Like labels on a shirt or a purse, an increasing number of homes now carry a certain “green” brand. Homebuyers see many such seals of approval, ranging from the pinnacle LEED (Leadership in Energy and Environmental Design) certification stamped on this year’s New American Home in Winter Park to production builders with their own seals of environmental approval.

“All the certifiers are good in some ways,” says longtime Orlando custom builder Greg Hardwick, president of Hardwick General Contractors, who recently won a top-level green award from the National Association of Home Builders (NAHB). “It’s like a Coke and Pepsi thing.”

Ratings generally measure air leakage, appliance efficiency, insulation and lighting – all features that can shave a home’s monthly utility costs. The popularity of green certifications has spread throughout Central Florida’s homebuilding industry. 

Some examples:

David Weekley Homes works with TopBuild Home Services on its Environments for Living Program, which touches on everything from efficiency to air quality to paint durability. KB Home and Meritage Homes use Energy Star certification. Maronda Homes has its own brand called Bee Smart.

“I think they all have their place, depending on what’s the best fit,” says C.J. Davila, executive director of the Florida Green Building Coalition (FGBC). While LEED certification can be pricey, it’s better suited for large, commercial structures or for production builders who want to standardize their construction across the country, Davila adds.

FGBC is a Florida-based nonprofit organization whose mission is to create a statewide green building program with environmental and economic benefits. It has an online database of Florida green projects, products and professionals, and holds an annual conference, GreenTrends.

Using Florida stakeholders and member committees, it has created the Florida Green Home Standard, a designation for new and existing homes. Projects are scored on stewardship activities in eight categories, with minimum scores in each category. 

Categories include energy performance, water conservation, site conditions, healthy interior materials and disaster mitigation (the ability to withstand a natural disaster or a termite invasion). A score of 150 or more is needed for certification. 

Davila advises homebuyers to research any certification programs that fall under the umbrella of services provided by the homebuilder: “It’s like a car company coming in and telling you, ‘This is the best car you can ever buy’.”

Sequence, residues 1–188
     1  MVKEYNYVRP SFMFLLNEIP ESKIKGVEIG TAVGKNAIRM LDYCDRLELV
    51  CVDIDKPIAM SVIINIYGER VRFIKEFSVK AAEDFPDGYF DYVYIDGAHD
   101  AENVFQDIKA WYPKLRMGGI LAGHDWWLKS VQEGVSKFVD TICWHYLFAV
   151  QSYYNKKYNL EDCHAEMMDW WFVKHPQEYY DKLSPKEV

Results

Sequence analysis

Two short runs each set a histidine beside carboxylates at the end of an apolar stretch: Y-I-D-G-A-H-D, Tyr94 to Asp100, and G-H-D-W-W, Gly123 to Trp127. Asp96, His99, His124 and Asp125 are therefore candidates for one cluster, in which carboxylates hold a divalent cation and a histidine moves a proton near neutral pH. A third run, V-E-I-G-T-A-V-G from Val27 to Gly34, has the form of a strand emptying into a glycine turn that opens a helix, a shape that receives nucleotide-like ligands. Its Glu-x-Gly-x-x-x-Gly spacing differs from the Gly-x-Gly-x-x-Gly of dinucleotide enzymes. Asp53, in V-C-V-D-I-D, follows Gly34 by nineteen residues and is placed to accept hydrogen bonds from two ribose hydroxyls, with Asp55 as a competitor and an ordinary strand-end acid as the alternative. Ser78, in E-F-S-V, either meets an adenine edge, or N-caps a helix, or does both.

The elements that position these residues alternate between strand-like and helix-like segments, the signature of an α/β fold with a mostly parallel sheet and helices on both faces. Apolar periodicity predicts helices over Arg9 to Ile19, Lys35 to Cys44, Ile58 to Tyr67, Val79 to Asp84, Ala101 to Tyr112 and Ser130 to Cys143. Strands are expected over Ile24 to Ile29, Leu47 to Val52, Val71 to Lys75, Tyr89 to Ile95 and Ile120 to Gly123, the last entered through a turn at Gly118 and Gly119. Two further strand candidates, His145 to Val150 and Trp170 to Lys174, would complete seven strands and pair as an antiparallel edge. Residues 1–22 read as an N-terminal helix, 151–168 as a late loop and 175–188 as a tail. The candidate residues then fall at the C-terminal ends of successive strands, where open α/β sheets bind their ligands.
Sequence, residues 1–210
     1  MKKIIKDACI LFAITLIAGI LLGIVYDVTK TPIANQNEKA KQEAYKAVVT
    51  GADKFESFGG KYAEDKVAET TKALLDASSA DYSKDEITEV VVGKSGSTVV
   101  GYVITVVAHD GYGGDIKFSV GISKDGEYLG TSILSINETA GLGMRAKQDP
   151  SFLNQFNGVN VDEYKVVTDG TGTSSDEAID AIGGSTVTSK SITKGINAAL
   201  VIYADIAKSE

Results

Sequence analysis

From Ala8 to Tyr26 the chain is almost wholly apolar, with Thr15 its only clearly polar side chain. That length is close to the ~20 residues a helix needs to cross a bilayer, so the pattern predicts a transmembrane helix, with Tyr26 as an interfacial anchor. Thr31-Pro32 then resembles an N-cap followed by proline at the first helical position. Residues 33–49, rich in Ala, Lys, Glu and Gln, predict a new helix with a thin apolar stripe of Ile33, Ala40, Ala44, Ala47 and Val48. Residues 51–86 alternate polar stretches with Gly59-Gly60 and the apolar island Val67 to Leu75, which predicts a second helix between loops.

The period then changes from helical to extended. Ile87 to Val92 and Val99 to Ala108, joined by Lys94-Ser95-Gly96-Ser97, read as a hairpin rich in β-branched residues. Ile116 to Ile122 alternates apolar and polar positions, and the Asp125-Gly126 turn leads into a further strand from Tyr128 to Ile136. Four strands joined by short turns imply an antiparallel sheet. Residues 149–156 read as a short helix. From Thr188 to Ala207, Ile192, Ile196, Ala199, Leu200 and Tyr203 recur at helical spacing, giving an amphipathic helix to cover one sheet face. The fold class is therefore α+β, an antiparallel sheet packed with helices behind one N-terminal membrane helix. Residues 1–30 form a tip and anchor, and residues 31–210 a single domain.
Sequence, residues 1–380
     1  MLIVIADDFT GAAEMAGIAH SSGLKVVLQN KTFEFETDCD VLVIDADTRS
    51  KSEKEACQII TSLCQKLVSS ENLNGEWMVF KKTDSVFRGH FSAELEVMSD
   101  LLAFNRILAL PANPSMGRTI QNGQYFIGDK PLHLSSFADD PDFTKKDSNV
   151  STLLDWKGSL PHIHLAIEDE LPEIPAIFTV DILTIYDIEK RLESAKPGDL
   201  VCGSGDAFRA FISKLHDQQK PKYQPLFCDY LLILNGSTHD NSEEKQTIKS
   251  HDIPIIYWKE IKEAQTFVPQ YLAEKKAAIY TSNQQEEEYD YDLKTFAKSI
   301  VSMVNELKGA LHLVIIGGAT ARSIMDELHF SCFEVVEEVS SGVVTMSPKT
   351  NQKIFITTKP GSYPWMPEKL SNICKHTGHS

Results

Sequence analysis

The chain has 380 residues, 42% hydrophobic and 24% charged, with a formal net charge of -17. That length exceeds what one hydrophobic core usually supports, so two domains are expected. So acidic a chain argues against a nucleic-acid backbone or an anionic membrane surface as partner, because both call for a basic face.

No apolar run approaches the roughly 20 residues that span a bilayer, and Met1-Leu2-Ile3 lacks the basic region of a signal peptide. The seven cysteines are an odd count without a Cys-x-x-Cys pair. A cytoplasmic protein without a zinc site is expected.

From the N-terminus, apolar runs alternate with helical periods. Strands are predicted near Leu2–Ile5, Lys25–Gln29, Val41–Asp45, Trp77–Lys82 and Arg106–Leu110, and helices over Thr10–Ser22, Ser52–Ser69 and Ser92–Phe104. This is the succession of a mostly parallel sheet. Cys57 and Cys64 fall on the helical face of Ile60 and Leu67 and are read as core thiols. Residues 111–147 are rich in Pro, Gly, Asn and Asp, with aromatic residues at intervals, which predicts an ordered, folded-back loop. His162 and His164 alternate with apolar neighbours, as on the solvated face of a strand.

Most ratings rely on independent tests that seal up a home and blast air inside to determine how much leaks out. Most also rate homes with a HERS (Home Energy Rating System). And the day may come when the score is considered for home appraisals.

Hardwick, a director for FGBC, says the council’s certification is more applicable to the state’s specific climate, while the US Green Building Council’s LEED certification is better known for its detail and prestige.

The costs of getting a home certified can range from about $100 for the FGBC certification to thousands for the LEED certification.

Central Floridians can see what the top industry rating looks like on Morse Boulevard in Winter Park. A chic three-story home — which started life as adjacent townhomes — was built by Phil Kean Design Group for NAHB’s New American Home. With a rooftop that looks like a solar farm, the showcase of design and efficiency won the highest LEED certification.

It’s also possible to get the features required for LEED certification without as much of the cost. Vasu Persaud, who owns EcoVision Homes LLC, says homeowners can get the elements of a top-certified home without the builder having to pay for certification — a cost that is likely passed along. 

Buyers need to talk to builders about features like solar, insulation, appliances and the home’s ability to retain thermal qualities, he says, adding that “you can build a LEED-level house and not be LEED certified.”

Adds Persaud: “Certifications are mostly moving the conversation forward collectively.”